Posts Tagged ‘self-esteem’

When writing gets leathery

June 15, 2010

Deep in the matrix of my psyche I associate writing with leather.  Not because of leather-bound volumes in oak paneled libraries, but because of coats—leather coats.

When I was a kid my dad had a friend who had a leather factory on the far south side of Chicago, near to where my dad had grown up.  The old Jewish quasi ghetto had morphed into an African American quasi ghetto.

Being middle class Jews trapped in some never-pay-retail internalized racism, it happened that my family once rode forever through a Chicago winter, arriving at a freezing warehouse filled with dead cow skin sewn into every variation of a coat that a pimp could want.

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Middle School Masochism

May 27, 2010

A recent New York Times article, “Teenage Insults, Scrawled on Web, Not on Walls,” by Tamar Lewin looked at a burgeoning internet trend wherein subscribers to sites such as Formspring can get anonymous (i.e. uncensored and brutally honest… or perhaps cruelly dishonest) feedback from others, which they can then elect to delete from their private in-box or post to a public profile on themselves.  Interestingly, albeit depressingly for parents, many kids seemed all too willing to post mean things about themselves, leaving parents in dread about comments so horrible that they would get deleted, but not before leaving deep scars.

Of course middle school kids were then free to post all sorts of mean comments, everything from snarky comments about your leggings to withering critiques of breasts and teeth.

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Kicking the Master in the balls

May 11, 2010

Never the joiner, today I jump into something Momalon cooked up:  five for ten.  I’m quite captivated by the idea of multiple bloggers concentrating on the same theme at the same time, a deliberate attempt to heighten some sort of shared consciousness.  Here goes for “courage”:

I was always the very shortest kid in my class growing up.  Sadly, Peter Wolf (the second shortest) claimed to be the very shortest one day in 7th grade so that he would get to be a team captain (since the coach said that the tallest and the shortest would be captains that day), and since Peter was more popular than me the other kids agreed that he was shorter once he wanted to be shorter.  Hah!

Somewhere around this time I took it upon myself to learn a martial art.  The only one available that knew how to get to by bus was Tae Kwan Do, and I became a diligent student for over a year.  Several days per week, in the rain, the snow or the sunny spring I rode down to the Dojo, which always smelled strangely sour and exotic, like the thick cotton of your uniform when you first bought it and tied it up with your plain white belt.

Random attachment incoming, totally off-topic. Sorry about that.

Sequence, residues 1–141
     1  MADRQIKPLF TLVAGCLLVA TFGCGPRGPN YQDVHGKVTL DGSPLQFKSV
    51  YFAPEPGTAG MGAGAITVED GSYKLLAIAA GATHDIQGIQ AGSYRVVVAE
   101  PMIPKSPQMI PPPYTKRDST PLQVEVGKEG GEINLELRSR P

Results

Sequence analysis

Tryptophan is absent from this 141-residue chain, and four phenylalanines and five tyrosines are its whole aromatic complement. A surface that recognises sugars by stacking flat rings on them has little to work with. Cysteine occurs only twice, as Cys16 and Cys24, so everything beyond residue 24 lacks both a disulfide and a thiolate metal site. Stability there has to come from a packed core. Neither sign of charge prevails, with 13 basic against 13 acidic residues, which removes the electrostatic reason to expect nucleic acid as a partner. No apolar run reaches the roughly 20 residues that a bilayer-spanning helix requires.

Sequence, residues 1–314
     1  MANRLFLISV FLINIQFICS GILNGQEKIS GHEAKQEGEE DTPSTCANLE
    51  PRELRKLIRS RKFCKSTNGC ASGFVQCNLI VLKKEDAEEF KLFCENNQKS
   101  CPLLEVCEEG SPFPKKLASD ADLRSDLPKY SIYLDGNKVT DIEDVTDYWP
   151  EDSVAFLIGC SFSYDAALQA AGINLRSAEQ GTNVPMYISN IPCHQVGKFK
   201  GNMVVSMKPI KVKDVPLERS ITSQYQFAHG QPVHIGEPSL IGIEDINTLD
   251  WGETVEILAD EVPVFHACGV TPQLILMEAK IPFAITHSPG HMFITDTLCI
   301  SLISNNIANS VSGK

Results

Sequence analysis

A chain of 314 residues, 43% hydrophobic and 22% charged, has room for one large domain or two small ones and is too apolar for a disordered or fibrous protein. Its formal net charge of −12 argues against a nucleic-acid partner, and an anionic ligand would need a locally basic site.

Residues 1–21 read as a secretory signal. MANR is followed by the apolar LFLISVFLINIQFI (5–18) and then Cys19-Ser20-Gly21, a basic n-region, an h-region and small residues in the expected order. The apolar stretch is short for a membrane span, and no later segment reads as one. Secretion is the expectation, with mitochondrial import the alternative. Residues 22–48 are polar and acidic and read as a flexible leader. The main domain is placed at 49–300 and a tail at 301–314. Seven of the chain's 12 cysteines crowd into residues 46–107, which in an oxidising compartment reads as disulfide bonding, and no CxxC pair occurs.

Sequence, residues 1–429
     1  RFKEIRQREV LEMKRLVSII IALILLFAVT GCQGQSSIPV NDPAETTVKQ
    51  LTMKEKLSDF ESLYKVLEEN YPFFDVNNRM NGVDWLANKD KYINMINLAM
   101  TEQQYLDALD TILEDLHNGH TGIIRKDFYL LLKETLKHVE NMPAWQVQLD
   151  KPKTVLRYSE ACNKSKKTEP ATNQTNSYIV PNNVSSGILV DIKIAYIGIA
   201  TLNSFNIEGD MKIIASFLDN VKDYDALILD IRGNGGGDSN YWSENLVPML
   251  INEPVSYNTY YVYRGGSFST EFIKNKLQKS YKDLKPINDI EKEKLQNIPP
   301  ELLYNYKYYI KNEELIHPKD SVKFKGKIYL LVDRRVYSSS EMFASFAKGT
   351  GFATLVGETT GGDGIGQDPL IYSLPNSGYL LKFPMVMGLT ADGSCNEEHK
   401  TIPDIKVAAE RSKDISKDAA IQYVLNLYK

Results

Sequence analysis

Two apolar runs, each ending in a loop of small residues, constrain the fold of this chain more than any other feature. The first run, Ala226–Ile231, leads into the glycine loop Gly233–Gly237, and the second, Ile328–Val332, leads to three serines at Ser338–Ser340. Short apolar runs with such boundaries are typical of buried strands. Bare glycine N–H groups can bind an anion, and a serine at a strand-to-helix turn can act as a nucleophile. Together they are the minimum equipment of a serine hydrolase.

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Practice

May 3, 2010

A recent Marketplace interview by Tess Vigeland of Matthew Syed, who wrote a book called Bounce seemed worth blogging about.  The main take-away:  perseverance is way more important than talent.

Syed was the U.K.’s top-ranked table tennis player, and the fact that a number of his mates from the same street also ended up as top players got Syed thinking down some Malcolm Galdwellesque directions to ponder what makes for excellence.

The short answer:  practice, practice, practice.  Agreeing with Gladwell’s notions of an activity requiring the magic number of 10,000 hours of dedicated practice for one to achieve mastery, Syed also draws from recent research to support the importance of praising kids for their hard work rather than for their talent.  While there is certainly room for debate about whether Forest Gump sawing away on the violin for ten-k hours will make him into Mozart, it certainly would seem to make for a better world than if he did those same hours on a violent video game.

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It really is cool (and successful) to be kind

April 10, 2010

A NY Times piece on Ellen DeGeneres, “Ellen, ‘Idol’ and the Power of Niceness,” offers some significant hope in a time of bullies, backsliding and bullshit.

The central point is that in a world as catty and hokey as “American Idol,” even if Ellen’s shtick is as calculated as everyone else’s, she chooses to go with kind and this seems to win her cross-over fans (not across the straight-gay line, which it does, but across the kids-grown-ups line which is even more of a feat).